The European Court of Human Rights on Tuesday criticized a Russian law banning homosexual “propaganda.”
The law, which effectively bans most public mentions of homosexuality, was introduced at regional levels in 2003 and 2006 and at the federal level in 2013.
Nikolay Bayev, Aleksey Kiselev, and Nikolay Alekseyev filed a complaint against the law to the European high court. They were found guilty of administrative offenses and fined after staging demonstrations between 2009 and 2012. During the protests, they held banners stating that homosexuality is natural and normal.
On Tuesday, the court ordered Russia to repay the three men the amount of the fines, stating that “by adopting such laws the authorities had reinforced stigma and prejudice and encouraged homophobia, which was incompatible with the values of a democratic society.”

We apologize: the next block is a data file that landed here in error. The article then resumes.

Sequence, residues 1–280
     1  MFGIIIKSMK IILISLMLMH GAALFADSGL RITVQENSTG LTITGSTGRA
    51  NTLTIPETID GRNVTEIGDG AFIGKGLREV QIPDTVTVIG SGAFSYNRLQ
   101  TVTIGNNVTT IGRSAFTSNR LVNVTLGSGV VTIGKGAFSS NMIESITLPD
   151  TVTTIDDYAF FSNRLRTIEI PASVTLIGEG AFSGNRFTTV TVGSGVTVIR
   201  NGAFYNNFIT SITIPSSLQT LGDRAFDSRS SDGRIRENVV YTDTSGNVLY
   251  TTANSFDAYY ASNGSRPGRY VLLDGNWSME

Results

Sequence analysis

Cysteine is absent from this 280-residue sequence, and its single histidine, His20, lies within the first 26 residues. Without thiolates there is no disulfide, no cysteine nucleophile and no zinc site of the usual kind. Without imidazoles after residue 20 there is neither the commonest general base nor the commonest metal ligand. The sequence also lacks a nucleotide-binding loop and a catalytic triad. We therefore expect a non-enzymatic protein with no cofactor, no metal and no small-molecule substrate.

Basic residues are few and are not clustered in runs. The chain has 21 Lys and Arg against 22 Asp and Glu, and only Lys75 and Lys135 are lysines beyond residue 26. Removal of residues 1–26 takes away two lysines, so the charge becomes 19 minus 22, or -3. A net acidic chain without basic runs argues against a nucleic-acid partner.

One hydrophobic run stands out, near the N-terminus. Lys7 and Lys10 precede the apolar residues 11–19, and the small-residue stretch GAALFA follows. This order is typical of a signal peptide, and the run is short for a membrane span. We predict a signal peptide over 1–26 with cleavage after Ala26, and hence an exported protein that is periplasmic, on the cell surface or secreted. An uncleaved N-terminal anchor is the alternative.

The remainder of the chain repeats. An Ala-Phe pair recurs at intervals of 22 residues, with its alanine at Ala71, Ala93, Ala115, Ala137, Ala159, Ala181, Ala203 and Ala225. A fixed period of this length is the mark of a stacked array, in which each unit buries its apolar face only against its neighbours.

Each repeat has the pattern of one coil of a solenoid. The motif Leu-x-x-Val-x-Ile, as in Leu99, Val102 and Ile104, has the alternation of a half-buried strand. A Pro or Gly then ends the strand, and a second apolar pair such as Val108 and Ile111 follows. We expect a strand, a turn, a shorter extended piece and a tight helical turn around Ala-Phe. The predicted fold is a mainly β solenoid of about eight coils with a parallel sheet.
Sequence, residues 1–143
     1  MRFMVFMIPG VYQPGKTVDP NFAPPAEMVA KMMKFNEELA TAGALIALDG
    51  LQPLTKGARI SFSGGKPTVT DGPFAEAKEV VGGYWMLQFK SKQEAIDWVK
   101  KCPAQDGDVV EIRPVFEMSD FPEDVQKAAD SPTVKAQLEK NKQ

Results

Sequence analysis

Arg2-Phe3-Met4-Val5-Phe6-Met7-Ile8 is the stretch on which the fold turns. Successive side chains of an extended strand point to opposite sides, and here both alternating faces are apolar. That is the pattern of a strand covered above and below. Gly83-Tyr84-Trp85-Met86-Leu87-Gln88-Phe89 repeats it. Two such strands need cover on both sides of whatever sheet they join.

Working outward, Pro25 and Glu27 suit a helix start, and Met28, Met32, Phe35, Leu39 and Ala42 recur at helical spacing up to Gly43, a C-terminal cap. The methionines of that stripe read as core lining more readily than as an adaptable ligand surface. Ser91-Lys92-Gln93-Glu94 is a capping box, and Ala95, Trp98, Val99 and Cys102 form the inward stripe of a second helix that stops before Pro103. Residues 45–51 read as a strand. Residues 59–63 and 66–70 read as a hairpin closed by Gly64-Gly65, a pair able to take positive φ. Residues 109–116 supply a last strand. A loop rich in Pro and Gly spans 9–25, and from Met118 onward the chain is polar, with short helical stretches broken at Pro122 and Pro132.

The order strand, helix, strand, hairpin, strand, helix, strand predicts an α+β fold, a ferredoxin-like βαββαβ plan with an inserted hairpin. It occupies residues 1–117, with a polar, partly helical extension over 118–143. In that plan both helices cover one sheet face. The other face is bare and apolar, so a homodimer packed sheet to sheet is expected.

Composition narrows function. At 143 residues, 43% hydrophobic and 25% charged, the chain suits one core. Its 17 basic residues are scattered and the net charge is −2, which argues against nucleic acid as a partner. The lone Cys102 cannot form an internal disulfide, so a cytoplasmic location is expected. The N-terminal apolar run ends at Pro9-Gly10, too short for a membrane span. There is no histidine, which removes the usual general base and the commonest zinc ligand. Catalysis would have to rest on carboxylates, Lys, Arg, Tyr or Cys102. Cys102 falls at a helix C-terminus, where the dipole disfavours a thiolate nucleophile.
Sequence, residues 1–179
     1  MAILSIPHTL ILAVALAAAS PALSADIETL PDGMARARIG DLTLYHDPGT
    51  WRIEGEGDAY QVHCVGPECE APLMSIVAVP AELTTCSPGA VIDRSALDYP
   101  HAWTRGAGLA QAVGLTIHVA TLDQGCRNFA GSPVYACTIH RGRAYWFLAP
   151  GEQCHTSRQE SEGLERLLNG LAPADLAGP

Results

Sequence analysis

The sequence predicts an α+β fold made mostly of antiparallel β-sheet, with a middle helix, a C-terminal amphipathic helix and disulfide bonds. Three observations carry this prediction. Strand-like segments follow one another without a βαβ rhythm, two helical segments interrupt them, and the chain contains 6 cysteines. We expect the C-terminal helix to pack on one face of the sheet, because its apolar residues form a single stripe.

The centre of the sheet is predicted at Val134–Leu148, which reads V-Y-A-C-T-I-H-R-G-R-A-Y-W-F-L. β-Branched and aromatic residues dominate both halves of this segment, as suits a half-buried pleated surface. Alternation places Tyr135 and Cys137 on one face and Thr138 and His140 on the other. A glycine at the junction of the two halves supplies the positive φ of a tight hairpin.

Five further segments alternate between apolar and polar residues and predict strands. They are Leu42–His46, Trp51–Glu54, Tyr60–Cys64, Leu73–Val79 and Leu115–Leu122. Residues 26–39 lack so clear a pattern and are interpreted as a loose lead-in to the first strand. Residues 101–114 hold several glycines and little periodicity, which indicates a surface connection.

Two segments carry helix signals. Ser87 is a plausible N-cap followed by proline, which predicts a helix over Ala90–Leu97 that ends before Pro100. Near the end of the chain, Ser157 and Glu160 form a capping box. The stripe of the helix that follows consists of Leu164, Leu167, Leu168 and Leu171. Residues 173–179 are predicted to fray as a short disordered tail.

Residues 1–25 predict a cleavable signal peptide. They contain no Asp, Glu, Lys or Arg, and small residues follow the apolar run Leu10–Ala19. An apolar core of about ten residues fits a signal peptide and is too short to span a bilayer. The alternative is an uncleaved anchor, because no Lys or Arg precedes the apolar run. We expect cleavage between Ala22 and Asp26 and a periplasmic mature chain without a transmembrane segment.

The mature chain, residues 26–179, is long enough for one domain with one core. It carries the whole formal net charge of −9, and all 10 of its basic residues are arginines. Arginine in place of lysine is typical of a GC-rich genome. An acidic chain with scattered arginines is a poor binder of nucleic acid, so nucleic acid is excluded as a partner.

The decision was welcomed by gay rights activists across Russia, but Moscow has said it will appeal the decision.
Russia decriminalized homosexuality in 1993, but prejudice and discrimination have remained throughout the country. The EU court’s decision echoed rights groups that have said over the past years that Russia’s “homosexuality propaganda” laws have encouraged harassment and attacks against gay people.